I have a longstanding interest in health and medical information, and I pitched a session on the ‘future’ of medical information resources. My focus was on ‘human documents’ or the quantified self. What does the proliferation of apps collating human data mean for LIS professionals? My wonderful colleague Ka-Ming Pang (@AgentK23) had the brilliant idea of talking about App Swap (#Appswap) – where libraries encourage sharing and exchange of ideas on health and medical related apps. We decided to combine our sessions, which resulted in a lively debate on how to stay up-to-date with new apps, understanding and promoting privacy, evaluating apps and the issues of who should recommend apps. Apps are used by many people, including students, and the library is rarely included in the choice of apps, or their evaluation. There is clearly a need for at least a framework of the issues this involves. Medical and healthcare apps collect personal information, and users need to be aware of not only what interpretation of the data means, but also of what happens to the information and who might benefit – insurance companies for example, might be very interested in blood glucose levels, fitness or sexual health indicators. Network security is rarely considered and many app users may be unaware of the amount of personal data that is being ‘leaked’ to third parties. A suggestion of using CASP like indicators to evaluate apps fed into a later session during the day.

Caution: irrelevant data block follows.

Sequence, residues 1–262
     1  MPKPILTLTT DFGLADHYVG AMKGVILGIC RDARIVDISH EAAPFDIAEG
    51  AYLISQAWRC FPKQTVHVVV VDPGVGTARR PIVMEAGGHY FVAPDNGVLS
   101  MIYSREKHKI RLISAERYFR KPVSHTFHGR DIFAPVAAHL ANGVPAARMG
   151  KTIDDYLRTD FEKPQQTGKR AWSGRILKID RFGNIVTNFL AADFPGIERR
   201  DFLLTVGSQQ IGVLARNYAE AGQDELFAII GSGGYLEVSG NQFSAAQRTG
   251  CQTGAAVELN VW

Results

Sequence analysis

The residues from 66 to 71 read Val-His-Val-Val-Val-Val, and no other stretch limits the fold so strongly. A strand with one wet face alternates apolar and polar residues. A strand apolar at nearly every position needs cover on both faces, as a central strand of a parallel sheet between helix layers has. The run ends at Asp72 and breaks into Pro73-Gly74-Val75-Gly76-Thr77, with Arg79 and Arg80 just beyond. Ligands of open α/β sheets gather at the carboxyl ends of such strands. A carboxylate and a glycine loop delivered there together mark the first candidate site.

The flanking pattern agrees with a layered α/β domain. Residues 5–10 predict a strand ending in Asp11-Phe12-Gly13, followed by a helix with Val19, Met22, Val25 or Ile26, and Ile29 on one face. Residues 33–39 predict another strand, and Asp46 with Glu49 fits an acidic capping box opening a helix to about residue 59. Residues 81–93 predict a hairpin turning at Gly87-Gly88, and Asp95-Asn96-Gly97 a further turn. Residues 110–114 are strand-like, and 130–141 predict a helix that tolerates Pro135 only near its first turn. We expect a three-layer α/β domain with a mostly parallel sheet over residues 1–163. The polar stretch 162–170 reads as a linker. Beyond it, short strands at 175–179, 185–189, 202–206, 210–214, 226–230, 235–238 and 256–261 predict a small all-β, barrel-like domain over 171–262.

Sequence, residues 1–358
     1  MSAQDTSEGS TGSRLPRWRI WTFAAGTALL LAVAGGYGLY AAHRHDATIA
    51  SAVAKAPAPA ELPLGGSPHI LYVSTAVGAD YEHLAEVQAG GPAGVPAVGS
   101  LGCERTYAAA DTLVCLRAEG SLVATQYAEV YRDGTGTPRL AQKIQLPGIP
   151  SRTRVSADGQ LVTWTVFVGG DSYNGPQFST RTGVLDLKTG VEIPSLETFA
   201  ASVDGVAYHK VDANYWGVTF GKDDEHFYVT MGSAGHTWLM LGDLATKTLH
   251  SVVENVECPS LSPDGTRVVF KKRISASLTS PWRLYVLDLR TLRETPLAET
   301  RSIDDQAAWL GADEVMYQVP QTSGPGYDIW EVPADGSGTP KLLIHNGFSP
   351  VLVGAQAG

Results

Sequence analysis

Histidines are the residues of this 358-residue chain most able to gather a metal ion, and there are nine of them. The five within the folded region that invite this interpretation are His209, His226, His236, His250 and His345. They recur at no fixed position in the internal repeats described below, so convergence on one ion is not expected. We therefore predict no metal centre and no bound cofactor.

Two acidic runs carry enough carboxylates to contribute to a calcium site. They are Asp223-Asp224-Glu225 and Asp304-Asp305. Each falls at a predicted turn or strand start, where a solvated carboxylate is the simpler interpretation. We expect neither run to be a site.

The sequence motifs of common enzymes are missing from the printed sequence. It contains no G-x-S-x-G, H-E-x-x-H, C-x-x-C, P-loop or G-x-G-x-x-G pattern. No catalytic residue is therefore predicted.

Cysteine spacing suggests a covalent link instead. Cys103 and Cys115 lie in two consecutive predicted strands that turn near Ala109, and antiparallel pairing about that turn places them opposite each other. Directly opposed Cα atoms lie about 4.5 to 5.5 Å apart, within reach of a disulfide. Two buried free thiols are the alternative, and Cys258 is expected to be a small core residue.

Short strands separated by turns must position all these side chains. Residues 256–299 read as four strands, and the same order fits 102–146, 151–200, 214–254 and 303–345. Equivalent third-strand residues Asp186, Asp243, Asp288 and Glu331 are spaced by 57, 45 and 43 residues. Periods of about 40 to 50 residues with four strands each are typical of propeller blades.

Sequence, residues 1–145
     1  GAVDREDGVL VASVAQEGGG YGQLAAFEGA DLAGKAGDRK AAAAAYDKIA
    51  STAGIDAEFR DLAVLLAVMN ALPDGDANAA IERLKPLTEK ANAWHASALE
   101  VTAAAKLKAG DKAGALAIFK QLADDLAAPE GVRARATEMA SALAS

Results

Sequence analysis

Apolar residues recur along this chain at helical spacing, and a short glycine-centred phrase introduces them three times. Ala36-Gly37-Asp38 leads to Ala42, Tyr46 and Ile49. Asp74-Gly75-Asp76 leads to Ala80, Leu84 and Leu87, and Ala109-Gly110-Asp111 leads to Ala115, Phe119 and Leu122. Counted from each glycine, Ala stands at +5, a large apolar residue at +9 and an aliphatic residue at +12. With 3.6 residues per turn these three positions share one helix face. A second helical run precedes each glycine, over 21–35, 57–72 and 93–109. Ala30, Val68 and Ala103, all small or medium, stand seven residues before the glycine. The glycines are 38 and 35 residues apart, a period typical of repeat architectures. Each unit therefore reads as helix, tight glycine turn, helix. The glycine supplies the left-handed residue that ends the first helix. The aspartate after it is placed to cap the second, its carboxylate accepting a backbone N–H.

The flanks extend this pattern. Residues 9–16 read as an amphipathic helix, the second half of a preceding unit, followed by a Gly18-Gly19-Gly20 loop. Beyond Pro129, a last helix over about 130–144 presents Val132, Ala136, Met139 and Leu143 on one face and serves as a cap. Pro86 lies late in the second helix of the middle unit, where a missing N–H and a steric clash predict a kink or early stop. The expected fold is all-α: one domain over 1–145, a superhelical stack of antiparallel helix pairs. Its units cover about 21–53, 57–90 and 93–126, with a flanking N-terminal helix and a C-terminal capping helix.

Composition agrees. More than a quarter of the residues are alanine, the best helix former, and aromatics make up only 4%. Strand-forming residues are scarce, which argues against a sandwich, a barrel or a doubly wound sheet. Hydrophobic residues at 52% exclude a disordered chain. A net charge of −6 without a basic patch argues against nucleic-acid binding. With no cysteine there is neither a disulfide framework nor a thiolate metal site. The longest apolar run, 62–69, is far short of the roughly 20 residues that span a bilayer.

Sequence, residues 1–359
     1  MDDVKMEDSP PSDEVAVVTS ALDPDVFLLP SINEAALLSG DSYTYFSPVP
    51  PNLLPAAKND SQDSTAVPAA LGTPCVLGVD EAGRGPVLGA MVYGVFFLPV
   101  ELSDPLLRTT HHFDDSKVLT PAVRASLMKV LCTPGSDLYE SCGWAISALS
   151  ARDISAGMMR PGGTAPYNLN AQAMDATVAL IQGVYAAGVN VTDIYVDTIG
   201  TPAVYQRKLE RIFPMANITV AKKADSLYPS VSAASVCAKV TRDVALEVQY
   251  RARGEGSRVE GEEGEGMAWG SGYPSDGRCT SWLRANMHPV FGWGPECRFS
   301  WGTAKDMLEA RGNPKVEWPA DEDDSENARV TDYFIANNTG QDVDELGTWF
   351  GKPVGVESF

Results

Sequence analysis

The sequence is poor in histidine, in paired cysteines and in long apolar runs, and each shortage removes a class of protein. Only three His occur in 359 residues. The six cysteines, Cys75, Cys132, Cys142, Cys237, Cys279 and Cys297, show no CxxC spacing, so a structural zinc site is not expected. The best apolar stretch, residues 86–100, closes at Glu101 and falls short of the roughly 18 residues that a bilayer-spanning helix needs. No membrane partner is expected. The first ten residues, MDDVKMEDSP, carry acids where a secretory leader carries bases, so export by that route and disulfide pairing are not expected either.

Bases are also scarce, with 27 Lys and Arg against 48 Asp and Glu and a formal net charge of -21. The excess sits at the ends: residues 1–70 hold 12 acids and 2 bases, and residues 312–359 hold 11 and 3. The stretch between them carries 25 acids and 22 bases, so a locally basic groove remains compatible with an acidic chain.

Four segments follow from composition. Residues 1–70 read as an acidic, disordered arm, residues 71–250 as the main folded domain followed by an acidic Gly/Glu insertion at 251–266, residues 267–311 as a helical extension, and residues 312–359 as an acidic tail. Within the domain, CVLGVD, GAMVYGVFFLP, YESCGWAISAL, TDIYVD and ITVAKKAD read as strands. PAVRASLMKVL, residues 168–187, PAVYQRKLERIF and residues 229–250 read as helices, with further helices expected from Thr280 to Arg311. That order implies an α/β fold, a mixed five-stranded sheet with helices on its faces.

[The idea of App Swap originated from the University of Brighton, which uses the same hashtage. Review of apps can be found on the St George’s University of London Library’s Guide to Mobile Resources.]
Sessions were allocated an hour for discussion, and it was a good sign that several sessions overran due to exuberant engagement and interest . Many more aspects could have been discussed and I think that HASlibcamp could have been extended to the whole weekend with no loss of interest. With regard to medical information resources, other topics which could easily have pervaded the whole day included genetic information, big data, neurological data, virtual reality and psychology. A huge field waiting to be explored. I am biased, I know.
There were many other topics of interest including diversity (@tashasuri), information literacy, the importance of software as a research output and the issues of adding approprite metadata (@biostew), current awareness, design of library induction session (Pirates!), preservation and access of games, and user needs. Those of you who need more should have joined us (!), but you can check out other blog postings and@HASlibcamp on Twitter.
A short but significant mention should go to the amazing food sharing – the input from all attendees who brought food to share cannot be overstated. The food created a party atmosphere – it was great to see so many talented chefs strut their stuff. More. Food is a good thing! The need for a warm and positive atmosphere in the workplace is overlooked these days – this is a bad thing.
I would like to conclude with a massive thank you to the organizing team who made all this possible – events look like they emerge into the forest like mushrooms – they don’t. This event was down to:
And finally – the value of HASlibcamp:
See the HASlibcamp website for further reviews.